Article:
Contrasting sources of Late Paleozoic rhyolite magma in the Polish Lowlands: evidence from U–Pb ages and Hf and O isotope composition in zircon

Elżbieta Słodczyk*, Anna Pietranik, Sarah Glynn, Michael Wiedenbeck, Christoph Breitkreuz, Bruno Dhuime

*Corresponding author for this work

Research output: Contribution to journalArticle (Academic Journal)peer-review

3 Citations (Scopus)
145 Downloads (Pure)

Abstract

The Polish Lowlands, located southwest of the Teisseyre–Tornquist Zone, within Trans-European Suture Zone, were affected by bimodal, but dominantly rhyolitic, magmatism during the Late Paleozoic. Thanks to the inherited zircon they contain, these rhyolitic rocks provide a direct source of information about the pre-Permian rocks underlying the Polish Lowland. This paper presents zircon U–Pb geochronology and Hf and O isotopic results from five drill core samples representing four rhyolites and one granite. Based on the ratio of inherited vs. autocrystic zircon, the rhyolites can be divided into two groups: northern rhyolites, where autocrystic zircon is more abundant and southern rhyolites, where inherited zircon dominates. We suggest that the magma sources and the processes responsible for generating high silica magmas differ between the northern and southern rhyolites. Isotopically distinct sources were available during formation of northern rhyolites, as the Hf and O isotopes in magmatic zircon differ between the two analysed localities of northern rhyolites. A mixing between magmas formed from Baltica-derived mudstone–siltstone sediments and Avalonian basement or mantle can explain the diversity between the zircon compositions from the northern localities Daszewo and Wysoka Kamieńska. Conversely, the southern rhyolites from our two localities contain zircon with similar compositions, and these units can be further correlated with results from the North East German Basin, suggesting uniform source rocks over this larger region. Based on the ages of inherited zircon and the isotopic composition of magmatic ones, we suggest that the dominant source of the southern rhyolites is Variscan foreland sediments mixed with Baltica/Avalonia-derived sediments.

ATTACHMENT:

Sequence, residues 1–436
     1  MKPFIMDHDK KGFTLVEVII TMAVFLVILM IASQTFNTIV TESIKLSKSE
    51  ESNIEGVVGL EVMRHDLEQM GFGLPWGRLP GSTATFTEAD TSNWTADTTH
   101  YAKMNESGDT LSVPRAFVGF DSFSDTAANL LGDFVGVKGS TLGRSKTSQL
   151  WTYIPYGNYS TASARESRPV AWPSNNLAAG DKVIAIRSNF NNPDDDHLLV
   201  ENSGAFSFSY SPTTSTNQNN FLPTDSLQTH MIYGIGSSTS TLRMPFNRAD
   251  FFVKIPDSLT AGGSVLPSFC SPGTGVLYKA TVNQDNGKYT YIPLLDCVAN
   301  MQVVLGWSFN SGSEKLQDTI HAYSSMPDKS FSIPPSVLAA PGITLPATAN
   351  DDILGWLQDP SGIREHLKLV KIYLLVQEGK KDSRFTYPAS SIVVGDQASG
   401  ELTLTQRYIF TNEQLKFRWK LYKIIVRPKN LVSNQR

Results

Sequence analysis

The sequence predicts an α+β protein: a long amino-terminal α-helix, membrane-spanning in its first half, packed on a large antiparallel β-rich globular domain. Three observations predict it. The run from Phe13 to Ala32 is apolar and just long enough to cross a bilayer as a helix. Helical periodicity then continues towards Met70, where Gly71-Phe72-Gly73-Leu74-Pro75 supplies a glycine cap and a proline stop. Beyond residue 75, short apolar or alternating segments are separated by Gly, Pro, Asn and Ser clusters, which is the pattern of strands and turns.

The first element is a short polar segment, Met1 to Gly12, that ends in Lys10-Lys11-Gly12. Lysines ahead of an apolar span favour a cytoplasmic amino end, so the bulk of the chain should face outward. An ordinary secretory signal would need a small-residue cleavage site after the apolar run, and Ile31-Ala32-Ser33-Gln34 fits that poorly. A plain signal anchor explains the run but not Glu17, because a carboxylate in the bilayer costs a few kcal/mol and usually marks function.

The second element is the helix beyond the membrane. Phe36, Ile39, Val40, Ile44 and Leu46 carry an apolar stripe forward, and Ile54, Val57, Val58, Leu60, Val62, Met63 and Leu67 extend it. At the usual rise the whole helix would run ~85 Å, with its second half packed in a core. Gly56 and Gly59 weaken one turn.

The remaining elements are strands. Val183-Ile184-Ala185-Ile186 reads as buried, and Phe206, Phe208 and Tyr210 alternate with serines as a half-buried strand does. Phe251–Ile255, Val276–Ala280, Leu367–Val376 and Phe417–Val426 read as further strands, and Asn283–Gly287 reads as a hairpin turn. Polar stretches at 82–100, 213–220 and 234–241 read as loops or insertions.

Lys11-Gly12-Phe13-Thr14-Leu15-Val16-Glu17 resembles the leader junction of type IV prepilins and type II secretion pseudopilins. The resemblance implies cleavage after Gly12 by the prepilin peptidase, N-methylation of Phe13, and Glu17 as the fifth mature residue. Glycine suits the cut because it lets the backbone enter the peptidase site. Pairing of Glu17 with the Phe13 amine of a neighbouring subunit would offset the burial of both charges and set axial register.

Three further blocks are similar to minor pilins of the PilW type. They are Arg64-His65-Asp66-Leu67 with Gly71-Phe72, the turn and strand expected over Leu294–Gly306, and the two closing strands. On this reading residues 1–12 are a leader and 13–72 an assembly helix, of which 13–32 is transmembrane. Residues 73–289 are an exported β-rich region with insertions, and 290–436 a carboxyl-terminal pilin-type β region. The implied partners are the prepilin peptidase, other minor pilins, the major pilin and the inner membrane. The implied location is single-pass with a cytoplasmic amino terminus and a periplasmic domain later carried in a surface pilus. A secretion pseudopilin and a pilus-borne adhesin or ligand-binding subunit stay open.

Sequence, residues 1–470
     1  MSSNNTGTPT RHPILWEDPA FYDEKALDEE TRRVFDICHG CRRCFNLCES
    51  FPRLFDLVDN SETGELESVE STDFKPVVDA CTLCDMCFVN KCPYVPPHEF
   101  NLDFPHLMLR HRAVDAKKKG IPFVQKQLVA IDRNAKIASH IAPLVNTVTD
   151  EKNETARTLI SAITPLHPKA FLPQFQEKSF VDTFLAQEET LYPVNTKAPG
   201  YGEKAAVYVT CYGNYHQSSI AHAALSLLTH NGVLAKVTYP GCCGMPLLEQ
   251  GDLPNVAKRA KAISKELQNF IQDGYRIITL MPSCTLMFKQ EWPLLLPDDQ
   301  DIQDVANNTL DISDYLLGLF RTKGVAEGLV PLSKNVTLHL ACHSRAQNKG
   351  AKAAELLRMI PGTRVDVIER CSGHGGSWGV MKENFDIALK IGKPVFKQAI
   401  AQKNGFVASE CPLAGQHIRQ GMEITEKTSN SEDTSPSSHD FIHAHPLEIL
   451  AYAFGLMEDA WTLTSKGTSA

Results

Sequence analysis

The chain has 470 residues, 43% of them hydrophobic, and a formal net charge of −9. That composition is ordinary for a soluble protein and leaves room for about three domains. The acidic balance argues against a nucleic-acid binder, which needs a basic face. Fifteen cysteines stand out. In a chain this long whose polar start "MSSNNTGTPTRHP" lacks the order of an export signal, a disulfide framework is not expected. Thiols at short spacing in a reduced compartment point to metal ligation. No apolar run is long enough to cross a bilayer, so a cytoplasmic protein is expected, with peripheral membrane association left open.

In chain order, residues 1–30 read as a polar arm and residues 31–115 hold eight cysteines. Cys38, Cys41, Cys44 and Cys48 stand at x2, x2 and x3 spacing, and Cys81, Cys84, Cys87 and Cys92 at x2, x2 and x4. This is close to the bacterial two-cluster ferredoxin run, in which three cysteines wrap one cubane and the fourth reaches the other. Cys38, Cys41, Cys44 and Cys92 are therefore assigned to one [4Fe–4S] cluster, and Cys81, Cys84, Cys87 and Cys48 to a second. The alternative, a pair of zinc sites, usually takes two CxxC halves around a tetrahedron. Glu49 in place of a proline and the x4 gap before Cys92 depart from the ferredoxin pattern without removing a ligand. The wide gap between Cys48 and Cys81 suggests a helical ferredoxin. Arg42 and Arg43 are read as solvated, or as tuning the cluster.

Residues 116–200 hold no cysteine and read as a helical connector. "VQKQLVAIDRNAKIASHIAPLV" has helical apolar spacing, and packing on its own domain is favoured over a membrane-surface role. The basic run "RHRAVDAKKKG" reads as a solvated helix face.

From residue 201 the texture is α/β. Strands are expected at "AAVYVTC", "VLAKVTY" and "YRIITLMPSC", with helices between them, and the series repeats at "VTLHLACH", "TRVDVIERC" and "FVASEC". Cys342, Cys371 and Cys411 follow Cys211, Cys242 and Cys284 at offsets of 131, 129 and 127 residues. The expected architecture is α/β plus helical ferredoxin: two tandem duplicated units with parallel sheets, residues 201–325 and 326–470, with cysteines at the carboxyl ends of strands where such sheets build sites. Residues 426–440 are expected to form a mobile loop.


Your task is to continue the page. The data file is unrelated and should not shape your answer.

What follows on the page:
Original languageEnglish
Pages (from-to)1-17
Number of pages17
JournalInternational Journal of Earth Sciences
Early online date23 Feb 2018
DOIs
Publication statusE-pub ahead of print - 23 Feb 2018

Keywords

  • Crustal basement diversity
  • Rhyolite petrogenesis
  • Trans-European Suture Zone
  • Zircon isotopic composition

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